Many healthcare professionals have unwittingly placed their facilities at risk for ransomware attacks.
Many of us watched Mark Zuckerberg testify before Congress last week, in the wake of the news that Facebook had released the data of 87 million users to a company named Cambridge Analytica, which in turn sold the data to political campaigns.
Let’s briefly talk about what happened at Facebook. A researcher named Aleksandr Kogan developed a Facebook application, or “app.” It was one of those “take a quiz” apps, on the surface. Unfortunately, if you took the quiz, your Facebook information was sent to the app creator. No big foul yet.
Now, this was a special app. It then pulled the information of all your friends and contacts on Facebook, without their permission. Here is how we get to 87 million users. The app then went on to gather data of the contacts of your contacts – the way a virus spreads.
Facebook and government bodies are still figuring out how much information was gathered. Cambridge Analytica has confirmed it also harvested some private messages. Facebook told them to delete the data once they found out what happened. The folks at Cambridge Analytica said they did, then continued selling the data to political campaigns.
Mr. Kogan, who began working for Cambridge Analytica after creating the app, insists that the app was modified to collect only user names, birth dates, and pages users liked. We only have the assurances of Mr. Kogan and Cambridge Analytica on what data they have, and we already know they have been less than forthcoming.
Why is this such a big concern for healthcare? If I know enough about you, I can breach your system accounts. If I know where you work, I can find out what systems are used by your healthcare company. I can get your company email address. If I just know where you work and your name, I can use it to send emails with hacking tools to you and your coworkers that look like they are coming from you.
Let’s assume that we trust Cambridge Analytica, and someone knows your name, birth date, and the Facebook pages you liked. Lots of people like their employers’ Facebook pages. Now I have your name, employer’s name, and your birth date. I can Google your company domain by Googling your company. Knowing your name and company domain, I can figure out your email address.
With just this much, I can start sending emails to you and your fellow employees. I can include special programs that allow me to take over computers in your company to access information – or maybe just lock the computers and demand payments to unlock them. If I can get control of your computer, maybe I can also log in to software with patient information that I can sell to identity thieves.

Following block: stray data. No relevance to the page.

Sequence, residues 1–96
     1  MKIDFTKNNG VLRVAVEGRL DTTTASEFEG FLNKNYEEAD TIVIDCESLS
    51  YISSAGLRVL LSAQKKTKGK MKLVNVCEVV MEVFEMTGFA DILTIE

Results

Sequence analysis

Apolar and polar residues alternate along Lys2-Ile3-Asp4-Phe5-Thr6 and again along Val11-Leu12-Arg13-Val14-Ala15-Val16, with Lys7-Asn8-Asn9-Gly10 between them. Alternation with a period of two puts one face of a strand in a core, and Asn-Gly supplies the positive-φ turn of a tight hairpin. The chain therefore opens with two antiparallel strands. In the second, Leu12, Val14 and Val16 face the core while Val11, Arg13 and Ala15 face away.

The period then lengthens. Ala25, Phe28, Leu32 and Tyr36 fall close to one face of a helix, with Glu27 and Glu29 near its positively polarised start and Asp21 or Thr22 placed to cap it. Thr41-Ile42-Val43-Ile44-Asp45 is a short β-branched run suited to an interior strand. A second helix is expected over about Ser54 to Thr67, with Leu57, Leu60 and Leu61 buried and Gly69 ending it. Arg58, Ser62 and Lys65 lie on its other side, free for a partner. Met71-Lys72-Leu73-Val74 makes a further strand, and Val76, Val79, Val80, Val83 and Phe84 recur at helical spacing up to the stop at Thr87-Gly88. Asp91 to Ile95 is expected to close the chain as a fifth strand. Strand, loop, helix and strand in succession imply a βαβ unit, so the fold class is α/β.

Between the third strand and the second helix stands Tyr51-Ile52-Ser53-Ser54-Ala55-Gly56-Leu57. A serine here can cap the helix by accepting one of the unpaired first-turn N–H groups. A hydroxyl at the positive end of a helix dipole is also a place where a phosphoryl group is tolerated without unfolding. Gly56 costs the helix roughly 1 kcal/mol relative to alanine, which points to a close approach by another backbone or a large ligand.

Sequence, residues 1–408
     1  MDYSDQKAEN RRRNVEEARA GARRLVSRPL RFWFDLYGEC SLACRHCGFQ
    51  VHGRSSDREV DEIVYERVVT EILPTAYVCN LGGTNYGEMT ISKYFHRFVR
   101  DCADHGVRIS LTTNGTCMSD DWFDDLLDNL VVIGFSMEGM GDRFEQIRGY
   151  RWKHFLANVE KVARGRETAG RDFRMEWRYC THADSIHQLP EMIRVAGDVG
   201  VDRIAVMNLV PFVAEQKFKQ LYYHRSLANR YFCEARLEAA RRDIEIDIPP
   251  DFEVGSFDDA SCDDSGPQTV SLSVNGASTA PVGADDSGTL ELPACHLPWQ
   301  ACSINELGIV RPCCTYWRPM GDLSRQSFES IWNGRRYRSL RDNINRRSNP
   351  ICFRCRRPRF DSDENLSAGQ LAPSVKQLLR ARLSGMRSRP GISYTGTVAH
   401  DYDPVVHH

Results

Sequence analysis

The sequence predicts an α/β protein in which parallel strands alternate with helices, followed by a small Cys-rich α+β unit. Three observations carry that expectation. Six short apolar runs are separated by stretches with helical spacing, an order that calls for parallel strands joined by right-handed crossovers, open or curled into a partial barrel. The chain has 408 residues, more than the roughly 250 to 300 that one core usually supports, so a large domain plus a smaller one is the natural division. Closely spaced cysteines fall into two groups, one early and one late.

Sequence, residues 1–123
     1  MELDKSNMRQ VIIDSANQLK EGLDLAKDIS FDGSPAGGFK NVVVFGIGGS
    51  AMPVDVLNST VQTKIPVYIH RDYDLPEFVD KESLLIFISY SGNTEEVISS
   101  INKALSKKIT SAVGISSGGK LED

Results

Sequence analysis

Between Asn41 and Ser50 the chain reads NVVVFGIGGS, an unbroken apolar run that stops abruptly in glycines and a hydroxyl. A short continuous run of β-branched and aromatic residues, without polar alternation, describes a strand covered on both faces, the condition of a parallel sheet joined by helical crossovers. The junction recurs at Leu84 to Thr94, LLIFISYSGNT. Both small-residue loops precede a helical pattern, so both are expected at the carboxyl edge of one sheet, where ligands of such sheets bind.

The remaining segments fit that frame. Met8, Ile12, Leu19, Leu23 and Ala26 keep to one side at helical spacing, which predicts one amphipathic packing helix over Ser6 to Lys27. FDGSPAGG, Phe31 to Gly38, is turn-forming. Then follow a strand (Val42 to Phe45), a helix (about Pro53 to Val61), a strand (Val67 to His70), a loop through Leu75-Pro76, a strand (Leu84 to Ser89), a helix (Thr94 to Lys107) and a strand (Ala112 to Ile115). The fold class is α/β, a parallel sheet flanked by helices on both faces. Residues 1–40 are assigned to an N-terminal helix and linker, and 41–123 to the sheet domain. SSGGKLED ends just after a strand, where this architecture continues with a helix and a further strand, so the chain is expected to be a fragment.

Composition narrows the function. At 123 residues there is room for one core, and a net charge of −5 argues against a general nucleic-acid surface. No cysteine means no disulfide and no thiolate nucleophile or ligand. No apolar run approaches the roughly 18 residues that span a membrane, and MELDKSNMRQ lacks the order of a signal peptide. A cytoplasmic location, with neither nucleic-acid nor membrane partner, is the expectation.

What can be done? First, a dose of reality: social media is here to stay. Platforms like Facebook are free to users, and Facebook makes huge profits from advertisements. Facebook users are the product. Facebook can’t allow users to block themselves off completely from advertisers – or potential hackers that want to use social media to break into systems.
Here are some common-sense things that can be done, keeping all this in mind.
First, you can start by being wary of emails that seem odd, like Dunn & Bradstreet suddenly needing a response to an impending issue when you never deal with this kind of information. Without opening such emails, notify your IT department. If you open an email that seems odd, immediately call IT.
Next, be careful what you share about your company on social media. You may think you know the members of a group of fellow employees on Facebook. You may not know them as well as you think. Consider staying away from these groups, or clearing memberships with your IT department. Review your company’s social media rules and comply with them.
Follow Mark Zuckerberg’s advice and review the privacy agreements and settings for your social media applications. If you are not comfortable with the privacy rules of a social media company, maybe you don’t need to use their apps. If you are comfortable, ask yourself: what privacy settings do you want to use for your account?
Never use personal information to make up company passwords. Change your passwords regularly, even if it is not required by your IT department. Consider adopting the same rules for your passwords for personal use.
When you walk away from your computer, lock it. You should also change your computer settings on your company computer to lock it after a period of inactivity. Even if someone can get access to your computer, they may not be able to unlock it without your computer login password.
All of these rules are like buying an alarm for your house or a getting a guard dog. You can’t guarantee you will stop any thief, but you can get them to pick the easier house down the block.